It's Here: U.S. Economy Shrinks Again, Raising Recession Fears

It's Here: U.S. Economy Shrinks Again, Raising Recession Fears

The Commerce Department reported Thursday that gross domestic product fell 0.9 percent at an annualized pace for the period.

 

The U.S. economy contracted for the second quarter in a row, raising fears that the nation may be approaching a recession.

The Commerce Department reported Thursday that gross domestic product fell 0.9 percent at an annualized pace for the period. That follows a 1.6 percent decline in the first quarter.

 

The report pointed to weakness across the U.S. economy, with consumer spending and business investments slowing considerably. Consumer spending increased just 1 percent for the period as inflation accelerated. Inventories also plummeted as businesses slowed the restocking of their shelves.

While two straight quarters of negative growth is often considered a recession, it’s not an official definition. The National Bureau of Economic Research makes that determination and many factors enter into that calculation.

“The back-to-back contraction of GDP will feed the debate about whether the U.S. is in, or soon headed for, a recession,” Sal Guatieri, senior economist at BMO Capital Markets, told the Associated Press.

“The fact that the economy created 2.7 million payrolls in the first half of the year would seem to argue against an official recession call for now,” he continued.

Still, Guatieri noted that “the economy has quickly lost steam in the face of four-decade high inflation, rapidly rising borrowing costs, and a general tightening in financial conditions.”

Similar sentiments were expressed by Mark Zandi, the chief economist at Moody’s Analytics. “We’re not in recession, but it’s clear the economy’s growth is slowing,” he told CNBC. “The economy is close to stall speed, moving forward but barely.”

The report comes at a critical time, as many U.S. consumers and businesses have been struggling under the weight of persistent inflation that reached 9.1 percent last month and higher borrowing costs.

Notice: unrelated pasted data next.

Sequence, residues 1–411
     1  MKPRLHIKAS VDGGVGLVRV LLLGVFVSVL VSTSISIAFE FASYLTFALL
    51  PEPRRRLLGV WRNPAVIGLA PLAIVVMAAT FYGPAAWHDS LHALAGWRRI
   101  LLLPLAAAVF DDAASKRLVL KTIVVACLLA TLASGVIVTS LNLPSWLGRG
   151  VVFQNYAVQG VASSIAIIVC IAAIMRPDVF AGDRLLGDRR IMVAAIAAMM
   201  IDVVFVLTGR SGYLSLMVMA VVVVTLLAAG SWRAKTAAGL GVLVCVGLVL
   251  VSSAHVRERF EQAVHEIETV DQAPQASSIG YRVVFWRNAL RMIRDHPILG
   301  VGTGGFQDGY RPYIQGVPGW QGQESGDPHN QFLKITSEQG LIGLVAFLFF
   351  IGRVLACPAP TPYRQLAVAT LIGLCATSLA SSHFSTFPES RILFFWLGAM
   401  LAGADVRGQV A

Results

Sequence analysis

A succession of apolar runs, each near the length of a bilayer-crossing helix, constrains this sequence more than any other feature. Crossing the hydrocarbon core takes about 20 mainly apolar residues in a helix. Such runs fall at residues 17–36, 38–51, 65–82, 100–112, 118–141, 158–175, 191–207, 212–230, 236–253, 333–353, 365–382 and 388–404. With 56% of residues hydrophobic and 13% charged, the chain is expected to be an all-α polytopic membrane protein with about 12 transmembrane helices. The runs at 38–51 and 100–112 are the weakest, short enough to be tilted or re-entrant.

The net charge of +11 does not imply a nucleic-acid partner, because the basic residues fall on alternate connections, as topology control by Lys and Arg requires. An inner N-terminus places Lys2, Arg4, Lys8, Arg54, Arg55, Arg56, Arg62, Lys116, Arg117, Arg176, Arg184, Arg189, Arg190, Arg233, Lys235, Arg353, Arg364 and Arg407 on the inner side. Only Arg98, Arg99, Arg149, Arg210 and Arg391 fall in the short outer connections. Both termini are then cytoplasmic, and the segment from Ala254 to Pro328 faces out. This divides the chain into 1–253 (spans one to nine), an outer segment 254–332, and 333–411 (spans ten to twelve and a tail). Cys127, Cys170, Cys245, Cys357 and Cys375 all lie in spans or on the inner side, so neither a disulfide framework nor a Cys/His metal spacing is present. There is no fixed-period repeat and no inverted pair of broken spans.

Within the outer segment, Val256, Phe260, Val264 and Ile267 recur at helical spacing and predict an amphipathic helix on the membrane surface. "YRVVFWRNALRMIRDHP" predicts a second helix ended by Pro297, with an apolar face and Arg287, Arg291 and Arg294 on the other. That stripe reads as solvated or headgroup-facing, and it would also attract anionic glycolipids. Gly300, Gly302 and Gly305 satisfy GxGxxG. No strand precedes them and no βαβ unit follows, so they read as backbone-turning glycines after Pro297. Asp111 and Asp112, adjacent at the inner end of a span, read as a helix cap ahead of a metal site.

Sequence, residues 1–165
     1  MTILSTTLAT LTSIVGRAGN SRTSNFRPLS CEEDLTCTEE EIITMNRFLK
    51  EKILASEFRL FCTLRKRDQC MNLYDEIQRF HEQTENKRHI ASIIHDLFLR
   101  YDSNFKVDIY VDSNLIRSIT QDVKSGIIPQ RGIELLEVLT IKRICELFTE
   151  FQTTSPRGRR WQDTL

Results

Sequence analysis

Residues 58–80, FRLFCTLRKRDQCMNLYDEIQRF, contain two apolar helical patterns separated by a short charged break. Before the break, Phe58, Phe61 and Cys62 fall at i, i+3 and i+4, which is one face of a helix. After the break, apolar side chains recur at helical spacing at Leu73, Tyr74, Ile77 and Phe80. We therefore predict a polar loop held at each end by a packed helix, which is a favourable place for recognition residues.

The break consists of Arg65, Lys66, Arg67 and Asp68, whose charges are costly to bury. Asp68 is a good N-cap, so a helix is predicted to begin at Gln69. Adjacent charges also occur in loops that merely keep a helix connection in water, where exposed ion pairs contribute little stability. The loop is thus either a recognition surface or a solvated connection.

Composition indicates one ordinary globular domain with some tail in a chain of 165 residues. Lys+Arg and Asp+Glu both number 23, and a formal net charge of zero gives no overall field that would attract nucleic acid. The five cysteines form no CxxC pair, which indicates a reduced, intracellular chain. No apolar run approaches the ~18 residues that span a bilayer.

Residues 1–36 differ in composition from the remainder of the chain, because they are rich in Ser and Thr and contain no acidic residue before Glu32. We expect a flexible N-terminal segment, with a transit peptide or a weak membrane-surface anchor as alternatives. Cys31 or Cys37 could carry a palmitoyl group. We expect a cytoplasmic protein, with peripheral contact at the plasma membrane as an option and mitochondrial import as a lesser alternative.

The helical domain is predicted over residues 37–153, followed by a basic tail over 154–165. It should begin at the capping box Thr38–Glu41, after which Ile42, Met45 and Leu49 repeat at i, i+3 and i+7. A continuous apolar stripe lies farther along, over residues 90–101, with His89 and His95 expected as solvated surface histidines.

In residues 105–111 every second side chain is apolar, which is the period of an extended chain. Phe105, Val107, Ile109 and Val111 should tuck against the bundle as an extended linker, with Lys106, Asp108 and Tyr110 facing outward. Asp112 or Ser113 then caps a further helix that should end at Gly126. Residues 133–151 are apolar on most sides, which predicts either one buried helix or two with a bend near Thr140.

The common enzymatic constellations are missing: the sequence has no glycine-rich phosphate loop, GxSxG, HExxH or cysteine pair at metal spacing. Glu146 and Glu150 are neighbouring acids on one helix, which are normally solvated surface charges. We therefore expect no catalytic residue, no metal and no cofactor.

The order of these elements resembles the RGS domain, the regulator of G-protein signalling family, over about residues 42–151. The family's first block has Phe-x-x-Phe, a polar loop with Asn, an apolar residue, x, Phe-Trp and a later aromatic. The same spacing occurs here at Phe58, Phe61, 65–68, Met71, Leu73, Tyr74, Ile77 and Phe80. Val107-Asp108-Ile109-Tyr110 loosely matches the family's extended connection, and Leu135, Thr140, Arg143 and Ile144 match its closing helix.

On Wednesday, the Federal Reserve raised its key short-term rate by three-quarters of a percentage point for a second straight month. The unanimously approved rate hike now puts the federal funds rate, which directly impacts what banks charge each other for short-term loans, at a range of 2.25 percent to 2.5 percent, the highest level seen since December 2018.

Fed Chair Jerome Powell and many economists have stated that while the economy is showing signs of weakening, they doubt it’s in a recession.

In its post-meeting statement, the rate-setting Federal Open Market Committee said that “recent indicators of spending and production have softened.”

“Nonetheless, job gains have been robust in recent months, and the unemployment rate has remained low. Inflation remains elevated, reflecting supply and demand imbalances related to the pandemic, higher food and energy prices, and broader price pressures,” the committee continued.

The central bank added that it “anticipates that ongoing increases in the target range will be appropriate.”

Ethen Kim Lieser is a Washington state-based Finance and Tech Editor who has held posts at Google, The Korea Herald, Lincoln Journal Star, AsianWeek, and Arirang TV. Follow or contact him on LinkedIn.

Image: Reuters.